Gasoline and diesel shortages paralyse parts of Cuba

17th April 2023

President Díaz-Canel has said that the shortages of fuel that have brought parts of Cuba to a standstill and affected tourism have occurred because some countries that supply the island under contract “are going through complex energy situations and have not been able to fulfil the commitments made.”

Cuba’s President was speaking after a serious shortage of gasoline caused a near paralysis of transportation in many parts of Cuba, especially Havana. The issue has led to long queues at filling stations, additional difficulties for Cubans using already struggling public transport systems to reach work and is having a negative impact on some aspects of tourism. In addition, Canal Caribe has reported that Union Electrica (UNE) had begun attributing lengthier blackouts to “fuel limitations” as well as faulty units and ongoing maintenance.  Other reports indicates that visitors are having difficulties obtaining taxis and refuelling hire cars.

Commenting during a visit to Villa Clara on the latest challenge facing the government and country, Díaz-Canel said that at present Cuba has daily coverage of less than 400 tons of fuel for all activities compared to the “500 and 600 tons of gasoline per day that the country consumes”.

“At the moment”, he said, “we still don’t have a clear idea of how we are going to get out of this situation.” 

In his address, carried on state television, he stressed that the situation has nothing to do with inefficiencies or energy problems but was due to “non-compliance for objective reasons by the countries that supply us with fuel.”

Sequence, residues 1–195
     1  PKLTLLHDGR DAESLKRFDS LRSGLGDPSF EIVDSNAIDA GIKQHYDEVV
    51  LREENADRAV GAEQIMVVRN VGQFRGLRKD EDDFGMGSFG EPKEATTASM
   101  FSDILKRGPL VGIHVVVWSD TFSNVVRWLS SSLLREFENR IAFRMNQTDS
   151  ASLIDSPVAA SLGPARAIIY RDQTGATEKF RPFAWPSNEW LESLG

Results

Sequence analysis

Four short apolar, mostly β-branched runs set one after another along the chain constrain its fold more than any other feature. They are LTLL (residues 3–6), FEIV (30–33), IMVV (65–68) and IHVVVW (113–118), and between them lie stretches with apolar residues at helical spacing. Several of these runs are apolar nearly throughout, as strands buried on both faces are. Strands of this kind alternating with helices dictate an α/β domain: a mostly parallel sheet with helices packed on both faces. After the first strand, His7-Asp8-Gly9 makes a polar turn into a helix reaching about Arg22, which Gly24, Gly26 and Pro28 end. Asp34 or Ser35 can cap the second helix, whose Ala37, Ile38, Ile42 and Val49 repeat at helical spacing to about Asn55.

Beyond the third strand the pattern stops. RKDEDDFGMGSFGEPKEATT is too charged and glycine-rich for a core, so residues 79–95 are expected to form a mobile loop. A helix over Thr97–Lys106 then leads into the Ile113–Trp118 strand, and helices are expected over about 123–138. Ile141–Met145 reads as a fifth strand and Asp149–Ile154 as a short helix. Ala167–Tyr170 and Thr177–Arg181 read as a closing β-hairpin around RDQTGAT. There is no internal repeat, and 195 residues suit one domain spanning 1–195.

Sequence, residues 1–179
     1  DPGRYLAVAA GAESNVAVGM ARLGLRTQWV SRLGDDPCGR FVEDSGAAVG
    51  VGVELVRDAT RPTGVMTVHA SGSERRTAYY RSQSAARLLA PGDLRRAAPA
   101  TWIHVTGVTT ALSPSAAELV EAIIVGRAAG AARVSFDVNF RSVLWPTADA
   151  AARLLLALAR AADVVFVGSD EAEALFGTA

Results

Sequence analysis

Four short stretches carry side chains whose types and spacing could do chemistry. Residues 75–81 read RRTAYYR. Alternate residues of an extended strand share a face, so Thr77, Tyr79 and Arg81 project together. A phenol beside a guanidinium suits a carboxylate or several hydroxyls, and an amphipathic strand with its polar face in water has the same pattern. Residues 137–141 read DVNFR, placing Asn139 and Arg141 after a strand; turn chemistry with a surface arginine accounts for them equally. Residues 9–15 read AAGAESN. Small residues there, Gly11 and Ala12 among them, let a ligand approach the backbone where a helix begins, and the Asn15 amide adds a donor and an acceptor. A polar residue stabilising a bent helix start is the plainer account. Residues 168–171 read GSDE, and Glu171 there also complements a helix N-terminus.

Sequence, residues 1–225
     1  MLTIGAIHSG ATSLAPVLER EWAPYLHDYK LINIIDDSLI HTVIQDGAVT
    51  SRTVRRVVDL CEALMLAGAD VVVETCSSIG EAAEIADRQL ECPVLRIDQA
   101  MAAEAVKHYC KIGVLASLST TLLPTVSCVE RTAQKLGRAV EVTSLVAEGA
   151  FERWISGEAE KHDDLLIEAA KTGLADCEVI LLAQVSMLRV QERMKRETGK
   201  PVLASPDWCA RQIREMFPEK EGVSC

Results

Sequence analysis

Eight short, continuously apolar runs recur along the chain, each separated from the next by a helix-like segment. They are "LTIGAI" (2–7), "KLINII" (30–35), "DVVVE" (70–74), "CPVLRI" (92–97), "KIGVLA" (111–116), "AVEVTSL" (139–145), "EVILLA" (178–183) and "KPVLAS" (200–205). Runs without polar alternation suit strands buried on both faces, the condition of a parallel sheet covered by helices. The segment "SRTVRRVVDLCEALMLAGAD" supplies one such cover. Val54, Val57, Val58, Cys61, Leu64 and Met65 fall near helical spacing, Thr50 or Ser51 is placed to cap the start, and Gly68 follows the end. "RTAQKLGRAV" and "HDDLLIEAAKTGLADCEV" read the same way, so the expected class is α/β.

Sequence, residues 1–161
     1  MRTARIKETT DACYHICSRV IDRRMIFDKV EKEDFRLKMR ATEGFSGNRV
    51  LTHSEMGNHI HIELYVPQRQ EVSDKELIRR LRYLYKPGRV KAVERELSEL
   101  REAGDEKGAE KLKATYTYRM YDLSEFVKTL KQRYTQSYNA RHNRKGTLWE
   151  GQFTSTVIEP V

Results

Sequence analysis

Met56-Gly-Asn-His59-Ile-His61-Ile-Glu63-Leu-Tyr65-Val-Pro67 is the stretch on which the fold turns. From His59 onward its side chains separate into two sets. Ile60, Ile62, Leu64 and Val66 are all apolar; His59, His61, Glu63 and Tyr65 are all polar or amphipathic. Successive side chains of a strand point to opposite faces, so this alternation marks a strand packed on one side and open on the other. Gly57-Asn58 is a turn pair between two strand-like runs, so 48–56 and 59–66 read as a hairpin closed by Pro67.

“In the case of diesel, it is different. In addition to the cyclical situations that are presented to us, we had guaranteed a shipment that assured us continuity,” Díaz-Canel told Cubans. He went on however, to note that a supply vessel arriving in Santiago de Cuba had broken down, leaving no time for it to continue to other ports in Cuba, “causing delays to fuel distribution.”

In a further indication of the significant problem Cuba now faces, he noted the programme of maintenance of thermoelectric plants to guarantee energy availability during the summer, plus those out of order, meant an increased reliance on distributed generation that consumes diesel. “Therefore, Cuba’s President said, “an important part of that diesel that we have used has gone into electricity generation.”

 “There are an important group of distributed generation blocks that have not been able to obtain diesel,” he said. This had affected an important part of the electrical supply.

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